Leave it to the pros
Posted in England in Australia 2010-11
I was bowled first ball by Graeme Swann this week and almost took a Ben Hilfenhaus bouncer in the face.
I also pulled a muscle that same afternoon, so suffice to say it didn’t rank among the finest days of my cricket career - and trust me when I say there aren’t many to choose from.
Actually, I fib a little. The Swann and Hilfenhaus I faced were not real, but video footage on the ECB’s new ProBatter machine at the National Cricket Performance Centre in Loughborough.
A sophisticated bowling machine capable of mimicking all international bowlers and the deliveries they bowl, it certainly is a clever contraption, and the coaches who have helped develop it speak in such glowing terms that you half suspect it to be joining them at their Christmas party.
Indeed, should England win the Ashes over the winter, the players may look back on their time practising on ProBatter this week as crucial preparation for facing the likes of Hilfenhaus, Johnson, Bollinger, Siddle and Hauritz in the flesh.
My memories, however, are rather less fond - and not only because I was nearly knocked out by a ball that whizzed within millimetres of my nose.
I was among a handful of fortunate journalists invited to the ECB’s coaching headquarters to try out the latest additions to the coaching equipment cupboard: ProBatter, Merlyn and Trackman.
More on the others later, but first ProBatter. Having dug my kit out of the loft only that morning, I strapped on my pads for the first time in six weeks.
They say you’re only as good as your last innings. Unfortunately for me, that was the scratchiest seven you are likely to see for Cheadle Hulme 2nd XI - so bad, in fact, that I was still getting sledged by the umpire when we fielded.
I made a nervous start against Swann - bowled twice in the first three balls (looseners are anathema to ProBatter) - but at least managed to squirt a couple of balls in the vague direction of extra-cover.
Persuaded against facing Mitchell Johnson, Australia’s quickest bowler, by ECB batting coach Dene Hills (had he seen something in me the others hadn’t?), I opted for the more pedestrian Hilfenhaus.
“We’ll slow it right down,” David Parsons, the ECB’s performance director and the man at the controls of ProBatter, assured me.
I settled into my stance (one of the best aspects of my game, if I do say so myself), eyes trained on Hilfenhaus as he ambled to the crease, a gentle half-volley outside off stump in the offing.
I was still wondering whether to unfurl the checked drive or the full Goulding follow-through when I felt a whiff of air on my face and made out a faint red blur in front of my eyes. I hadn’t even completed my backlift.
A glance round at the small crowd of watching coaches and journalists - and the accompanying look of shock on their faces - told me all I needed to know about how close I had come to taking a 76mph bumper straight on the nose.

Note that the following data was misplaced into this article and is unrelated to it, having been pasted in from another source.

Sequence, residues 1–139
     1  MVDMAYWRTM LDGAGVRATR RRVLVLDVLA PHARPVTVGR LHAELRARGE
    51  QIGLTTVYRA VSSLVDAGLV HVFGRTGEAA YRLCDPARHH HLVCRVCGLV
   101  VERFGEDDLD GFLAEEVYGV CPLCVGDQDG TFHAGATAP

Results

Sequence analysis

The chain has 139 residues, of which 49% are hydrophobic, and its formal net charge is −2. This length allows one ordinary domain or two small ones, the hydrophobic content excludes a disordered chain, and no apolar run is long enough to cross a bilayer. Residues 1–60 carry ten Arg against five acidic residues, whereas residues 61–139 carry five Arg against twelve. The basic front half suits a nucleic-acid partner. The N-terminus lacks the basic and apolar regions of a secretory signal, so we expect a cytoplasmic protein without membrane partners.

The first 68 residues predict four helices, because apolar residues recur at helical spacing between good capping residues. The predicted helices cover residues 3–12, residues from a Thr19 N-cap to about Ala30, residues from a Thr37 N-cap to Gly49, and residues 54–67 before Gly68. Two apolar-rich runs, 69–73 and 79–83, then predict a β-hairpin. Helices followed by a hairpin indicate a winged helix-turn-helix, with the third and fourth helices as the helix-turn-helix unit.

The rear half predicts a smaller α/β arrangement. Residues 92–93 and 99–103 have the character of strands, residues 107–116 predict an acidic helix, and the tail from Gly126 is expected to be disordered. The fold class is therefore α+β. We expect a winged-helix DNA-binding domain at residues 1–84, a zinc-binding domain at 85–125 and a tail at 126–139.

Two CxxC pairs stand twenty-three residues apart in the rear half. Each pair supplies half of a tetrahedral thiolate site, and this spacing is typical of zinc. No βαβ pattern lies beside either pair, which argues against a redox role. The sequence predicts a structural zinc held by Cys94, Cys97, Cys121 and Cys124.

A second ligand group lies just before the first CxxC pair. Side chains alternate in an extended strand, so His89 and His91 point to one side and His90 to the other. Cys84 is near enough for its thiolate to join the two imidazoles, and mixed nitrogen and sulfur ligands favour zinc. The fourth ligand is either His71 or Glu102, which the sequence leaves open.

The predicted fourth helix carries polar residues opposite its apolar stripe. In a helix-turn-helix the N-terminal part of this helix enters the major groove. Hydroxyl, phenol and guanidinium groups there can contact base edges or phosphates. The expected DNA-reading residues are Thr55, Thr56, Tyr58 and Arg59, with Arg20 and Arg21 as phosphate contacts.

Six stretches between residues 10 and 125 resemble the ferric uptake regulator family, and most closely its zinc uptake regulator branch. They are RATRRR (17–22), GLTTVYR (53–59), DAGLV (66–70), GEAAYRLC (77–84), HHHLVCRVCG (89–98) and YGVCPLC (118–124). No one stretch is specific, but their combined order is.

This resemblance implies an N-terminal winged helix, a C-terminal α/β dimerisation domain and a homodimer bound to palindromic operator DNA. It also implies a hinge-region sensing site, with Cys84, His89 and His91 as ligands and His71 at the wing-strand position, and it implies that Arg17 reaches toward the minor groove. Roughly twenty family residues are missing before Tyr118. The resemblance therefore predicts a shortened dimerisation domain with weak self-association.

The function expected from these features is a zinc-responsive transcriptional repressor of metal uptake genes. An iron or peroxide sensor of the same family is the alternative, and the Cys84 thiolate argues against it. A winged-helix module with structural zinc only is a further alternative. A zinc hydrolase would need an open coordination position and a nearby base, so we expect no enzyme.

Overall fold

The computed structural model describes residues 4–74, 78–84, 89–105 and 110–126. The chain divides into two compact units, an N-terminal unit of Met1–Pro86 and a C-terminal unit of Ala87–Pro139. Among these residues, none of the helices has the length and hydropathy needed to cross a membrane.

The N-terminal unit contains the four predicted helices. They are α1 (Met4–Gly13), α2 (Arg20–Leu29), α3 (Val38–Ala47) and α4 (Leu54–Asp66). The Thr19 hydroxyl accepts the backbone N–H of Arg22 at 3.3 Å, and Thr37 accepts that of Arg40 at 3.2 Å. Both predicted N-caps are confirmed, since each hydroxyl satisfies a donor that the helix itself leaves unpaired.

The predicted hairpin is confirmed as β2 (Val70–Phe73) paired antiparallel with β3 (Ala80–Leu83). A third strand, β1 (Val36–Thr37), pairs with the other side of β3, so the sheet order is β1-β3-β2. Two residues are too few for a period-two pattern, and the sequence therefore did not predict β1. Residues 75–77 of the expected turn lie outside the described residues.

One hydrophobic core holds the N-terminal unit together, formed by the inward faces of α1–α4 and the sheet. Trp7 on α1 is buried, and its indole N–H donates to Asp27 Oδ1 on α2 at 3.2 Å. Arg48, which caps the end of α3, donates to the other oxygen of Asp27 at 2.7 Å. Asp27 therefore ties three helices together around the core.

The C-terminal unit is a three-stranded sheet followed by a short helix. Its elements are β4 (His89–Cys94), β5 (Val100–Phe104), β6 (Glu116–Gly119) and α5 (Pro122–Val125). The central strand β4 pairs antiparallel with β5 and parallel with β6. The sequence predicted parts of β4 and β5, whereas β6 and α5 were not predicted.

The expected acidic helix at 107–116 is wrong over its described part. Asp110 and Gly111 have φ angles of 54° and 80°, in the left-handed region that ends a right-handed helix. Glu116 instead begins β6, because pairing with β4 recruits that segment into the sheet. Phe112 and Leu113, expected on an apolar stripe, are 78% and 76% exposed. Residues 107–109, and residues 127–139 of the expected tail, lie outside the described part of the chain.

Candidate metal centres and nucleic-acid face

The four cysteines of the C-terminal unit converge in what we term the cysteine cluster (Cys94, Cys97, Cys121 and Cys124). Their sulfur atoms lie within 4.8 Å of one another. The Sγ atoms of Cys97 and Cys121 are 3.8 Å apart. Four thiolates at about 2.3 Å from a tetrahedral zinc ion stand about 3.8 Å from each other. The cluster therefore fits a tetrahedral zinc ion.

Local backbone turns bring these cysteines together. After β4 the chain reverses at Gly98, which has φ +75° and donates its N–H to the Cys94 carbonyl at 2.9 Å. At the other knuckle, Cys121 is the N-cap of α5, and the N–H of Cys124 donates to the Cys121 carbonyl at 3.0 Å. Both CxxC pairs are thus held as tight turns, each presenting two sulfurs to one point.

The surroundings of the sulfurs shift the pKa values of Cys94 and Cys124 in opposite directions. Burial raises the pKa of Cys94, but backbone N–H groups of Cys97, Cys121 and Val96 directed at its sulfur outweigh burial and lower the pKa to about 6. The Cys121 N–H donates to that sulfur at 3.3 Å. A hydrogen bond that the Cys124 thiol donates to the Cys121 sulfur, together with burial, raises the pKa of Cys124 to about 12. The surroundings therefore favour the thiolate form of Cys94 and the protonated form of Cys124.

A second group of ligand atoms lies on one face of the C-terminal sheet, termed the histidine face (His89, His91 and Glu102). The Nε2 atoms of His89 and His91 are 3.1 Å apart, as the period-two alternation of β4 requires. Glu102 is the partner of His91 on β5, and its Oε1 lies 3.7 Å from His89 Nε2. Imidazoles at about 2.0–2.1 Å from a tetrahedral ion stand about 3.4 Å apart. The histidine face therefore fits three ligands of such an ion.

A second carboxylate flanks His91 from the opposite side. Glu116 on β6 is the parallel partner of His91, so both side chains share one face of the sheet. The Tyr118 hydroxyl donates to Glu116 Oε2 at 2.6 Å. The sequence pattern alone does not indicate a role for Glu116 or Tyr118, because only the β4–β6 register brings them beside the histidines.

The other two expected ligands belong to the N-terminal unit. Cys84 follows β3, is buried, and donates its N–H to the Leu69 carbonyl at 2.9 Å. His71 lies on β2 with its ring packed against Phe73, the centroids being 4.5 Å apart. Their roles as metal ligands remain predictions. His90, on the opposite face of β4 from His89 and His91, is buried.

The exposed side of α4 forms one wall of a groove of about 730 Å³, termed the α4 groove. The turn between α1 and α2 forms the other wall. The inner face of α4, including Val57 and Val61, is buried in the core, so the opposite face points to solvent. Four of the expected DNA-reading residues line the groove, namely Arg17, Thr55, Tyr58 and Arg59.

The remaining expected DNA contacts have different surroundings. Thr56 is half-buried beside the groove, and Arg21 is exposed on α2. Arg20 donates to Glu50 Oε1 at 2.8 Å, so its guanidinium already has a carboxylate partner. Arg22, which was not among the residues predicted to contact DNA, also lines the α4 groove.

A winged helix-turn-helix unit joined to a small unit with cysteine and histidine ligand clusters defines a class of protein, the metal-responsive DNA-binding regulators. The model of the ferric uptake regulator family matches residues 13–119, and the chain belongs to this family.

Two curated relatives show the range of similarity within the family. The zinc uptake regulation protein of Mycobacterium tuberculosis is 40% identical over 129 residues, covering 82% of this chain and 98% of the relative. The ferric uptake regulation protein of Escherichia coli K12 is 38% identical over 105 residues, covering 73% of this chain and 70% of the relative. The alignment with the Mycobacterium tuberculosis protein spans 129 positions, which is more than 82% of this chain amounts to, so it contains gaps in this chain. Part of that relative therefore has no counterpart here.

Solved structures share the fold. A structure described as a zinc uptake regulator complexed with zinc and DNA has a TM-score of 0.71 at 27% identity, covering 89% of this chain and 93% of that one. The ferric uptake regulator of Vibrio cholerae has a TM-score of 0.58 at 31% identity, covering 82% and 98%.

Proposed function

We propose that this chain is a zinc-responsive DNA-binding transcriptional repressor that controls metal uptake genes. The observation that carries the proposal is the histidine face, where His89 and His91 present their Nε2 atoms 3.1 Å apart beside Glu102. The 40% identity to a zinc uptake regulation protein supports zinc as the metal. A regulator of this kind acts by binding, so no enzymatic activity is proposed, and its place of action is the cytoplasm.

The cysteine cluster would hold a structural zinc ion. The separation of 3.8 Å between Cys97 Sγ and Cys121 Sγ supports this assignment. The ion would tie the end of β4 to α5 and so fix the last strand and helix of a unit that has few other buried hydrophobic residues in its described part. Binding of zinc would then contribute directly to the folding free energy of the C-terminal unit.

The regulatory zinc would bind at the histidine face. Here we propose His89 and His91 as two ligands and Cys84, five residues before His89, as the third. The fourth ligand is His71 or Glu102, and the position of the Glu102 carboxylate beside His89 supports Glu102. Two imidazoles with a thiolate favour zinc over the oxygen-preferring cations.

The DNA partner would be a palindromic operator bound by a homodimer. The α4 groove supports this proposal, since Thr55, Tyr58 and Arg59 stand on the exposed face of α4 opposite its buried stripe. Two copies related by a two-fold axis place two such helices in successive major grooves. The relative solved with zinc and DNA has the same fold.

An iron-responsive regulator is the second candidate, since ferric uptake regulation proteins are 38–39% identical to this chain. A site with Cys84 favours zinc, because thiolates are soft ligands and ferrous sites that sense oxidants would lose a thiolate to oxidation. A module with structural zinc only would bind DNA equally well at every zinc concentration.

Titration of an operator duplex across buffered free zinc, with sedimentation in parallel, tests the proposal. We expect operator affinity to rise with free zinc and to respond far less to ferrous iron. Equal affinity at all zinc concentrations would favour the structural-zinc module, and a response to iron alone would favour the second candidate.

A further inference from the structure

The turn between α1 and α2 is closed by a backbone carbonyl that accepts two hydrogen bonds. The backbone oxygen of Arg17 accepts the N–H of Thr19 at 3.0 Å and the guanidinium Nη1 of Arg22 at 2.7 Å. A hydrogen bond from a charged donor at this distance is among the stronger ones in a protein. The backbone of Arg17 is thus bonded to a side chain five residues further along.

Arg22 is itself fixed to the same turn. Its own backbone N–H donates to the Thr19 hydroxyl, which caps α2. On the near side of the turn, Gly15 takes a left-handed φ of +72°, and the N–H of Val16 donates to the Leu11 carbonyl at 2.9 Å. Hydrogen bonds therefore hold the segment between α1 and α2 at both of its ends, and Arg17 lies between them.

Convinced by Parsons that he had finally got the hang of operating the machine, and with Geoffrey Boycott’s coaching video mantra ringing in my ears - “an inch away is a mile away” - I went on to face two overs of Hilfenhaus. I missed every single ball. Embarrassing is not the word.
I attempted to salvage some pride - and battered confidence - against Merlyn, a bowling machine capable of imparting a huge amount of spin on the ball.
Quite why I thought I would fare any better against a device used by the England batsmen to help them prepare for Shane Warne is anyone’s guess.
Once again, my team-mates will only be too happy to confirm my shortcomings against spin, and it will come as no surprise to those that have seen me floundering against the most mediocre of club twirlers that my pads, gloves and - if I was lucky - inside edge got significantly more use than the middle of my bat.
So, on to TrackMan, a gadget built using radar to measure how much spin a bowler puts on the ball. What could possibly go wrong?
My body, for starters. In surpassing Michael Yardy (1,500 revolutions per minute) and then Monty Panesar (1,850), I chose to gloss over the fact that as a leg-spinner I was expected to turn the ball more than finger spinners.
Any chance of beating Swann’s mark of 2,000 came to an abrupt end when, twisting my body as I went in search of a big-turning leg-break, I felt a sharp pain to the left of my ribs (it was later diagnosed by my dad - he is not a doctor, but his initials are DR - as a torn muscle in my side).
Bowling stint over and dignity long since lost, I shuffled back to my car and spent the next two hours cursing even the slightest kink in the road. Three days later, it still hurts when I sneeze.
I realised at a tender age that my dreams of becoming a cricketer were just that (I suppose the Marines are out of the question too after this blog).
But watching Steven Davies make Johnson look like a county trundler on ProBatter, James Taylor rocking back to punch a Merlyn doosra through point, and even two teenage spinners demonstrating remarkable control of line, length and spin on TrackMan, served two purposes.
It provided a telling reminder of how good these players actually are (worth remembering the next time you shout at the TV when an England player edges a 95mph delivery behind), and underlined the lesson I took from the day: leave it to the professionals.